Questioned document analysis will often involve the study of handwriting, typewriting, imprinted documents, alterations, ink, paper, and writing instruments. The primary aim is to gain as much information regarding the document as possible without damaging or altering the document if possible. Individuals may fraudulently manipulate or forge documents for a number of reasons, including monetary gain, identify fraud, benefit fraud, the concealment of information, or as an alibi.
Forensic graphology, the study of handwriting, is based on the idea that no two individuals have exactly the same handwriting. It closely examines the potential differences in people’s handwriting, with variations existing in slope, speed, angularity, pressure, letter dimensions, character spacing, connections, pen movement, finger dexterity, writing skill, grammar, spelling, punctuation, margins, crowding, phraseology, and alignment. A common misconception of graphology is that it can determine personal details about the writer, such as their sex and age. This is not true. It can however give insight into the likes of the writer’s frame of mind, mood, motivation, intelligence, and emotional stability. It may even be possible to assume the writer’s nationality from their handwriting, as certain character constructions are more common in particular parts of the world.
Samples of the suspect’s handwriting will be collected to compare to that of the suspect document to conclude whether or not the suspect was the author. Even if a suspect attempts to alter their handwriting, key characteristics will be visible, especially if the individual was required to write for a long period of time. As many handwriting samples as possible should be obtained, preferably pre-existing, fairly recent exemplars produced in the course of day-to-day business. If possible, the samples should contain words or phrases matching those found in the suspect document. It is also important that like is compared with like. In other words, only block capitals should be compared with block capitals, and cursive with cursive. It should be taken into account that natural variation will occur in handwriting, due to the likes of illness, stress, drugs, and similar. Many forged signatures were originally traces of the genuine one. In these cases, faint pencil lines from the tracing may still be visible under the ink. A lack of flowing consistency in the signature may also be a sign of forgery.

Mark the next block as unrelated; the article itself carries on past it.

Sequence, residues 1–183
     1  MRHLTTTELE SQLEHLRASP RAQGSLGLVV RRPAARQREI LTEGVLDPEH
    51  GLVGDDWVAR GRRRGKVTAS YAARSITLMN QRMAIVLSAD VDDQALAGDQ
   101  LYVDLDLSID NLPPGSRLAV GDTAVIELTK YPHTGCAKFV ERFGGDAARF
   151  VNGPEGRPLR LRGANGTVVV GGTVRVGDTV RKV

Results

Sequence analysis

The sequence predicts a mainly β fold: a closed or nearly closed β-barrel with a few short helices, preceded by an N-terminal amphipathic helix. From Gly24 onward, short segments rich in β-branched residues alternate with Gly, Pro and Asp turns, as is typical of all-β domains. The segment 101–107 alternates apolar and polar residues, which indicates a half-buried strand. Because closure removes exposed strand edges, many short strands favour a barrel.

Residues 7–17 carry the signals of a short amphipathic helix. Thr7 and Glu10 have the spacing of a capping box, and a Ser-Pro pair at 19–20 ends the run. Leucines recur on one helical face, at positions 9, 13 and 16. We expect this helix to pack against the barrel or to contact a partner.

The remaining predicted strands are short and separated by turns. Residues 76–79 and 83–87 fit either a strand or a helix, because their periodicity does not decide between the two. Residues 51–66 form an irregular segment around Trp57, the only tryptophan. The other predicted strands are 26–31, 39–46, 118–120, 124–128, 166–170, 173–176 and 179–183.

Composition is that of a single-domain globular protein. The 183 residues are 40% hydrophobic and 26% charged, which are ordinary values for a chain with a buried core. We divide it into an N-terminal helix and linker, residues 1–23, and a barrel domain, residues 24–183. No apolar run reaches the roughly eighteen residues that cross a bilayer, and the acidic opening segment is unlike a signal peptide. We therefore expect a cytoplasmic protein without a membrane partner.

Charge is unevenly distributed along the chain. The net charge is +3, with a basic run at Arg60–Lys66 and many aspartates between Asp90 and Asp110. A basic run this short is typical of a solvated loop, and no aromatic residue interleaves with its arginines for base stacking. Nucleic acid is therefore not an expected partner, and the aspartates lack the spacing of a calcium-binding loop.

Impressions of handwriting may be left on one document if another document was written on whilst placed on top of it. These indentations may be visible following the application of oblique lighting. The Electrostatic Development of Indented Writing Impressions test can visualise also visualise this latent evidence.
Word Processed Documents
Word processed documents are printed onto paper by laser, ink jet, or dot matrix printers. Laser printers work in a similar way photocopiers do. They contain a photosensitive drum which, when it becomes charged, produces an electrostatic negative of the image to be printed. Negatively charged toner sprinkled on the drum will cling to the charged areas before being pressed on the sheet of paper, producing the document. Laser printers do not produce many distinguishing characteristics on their documents.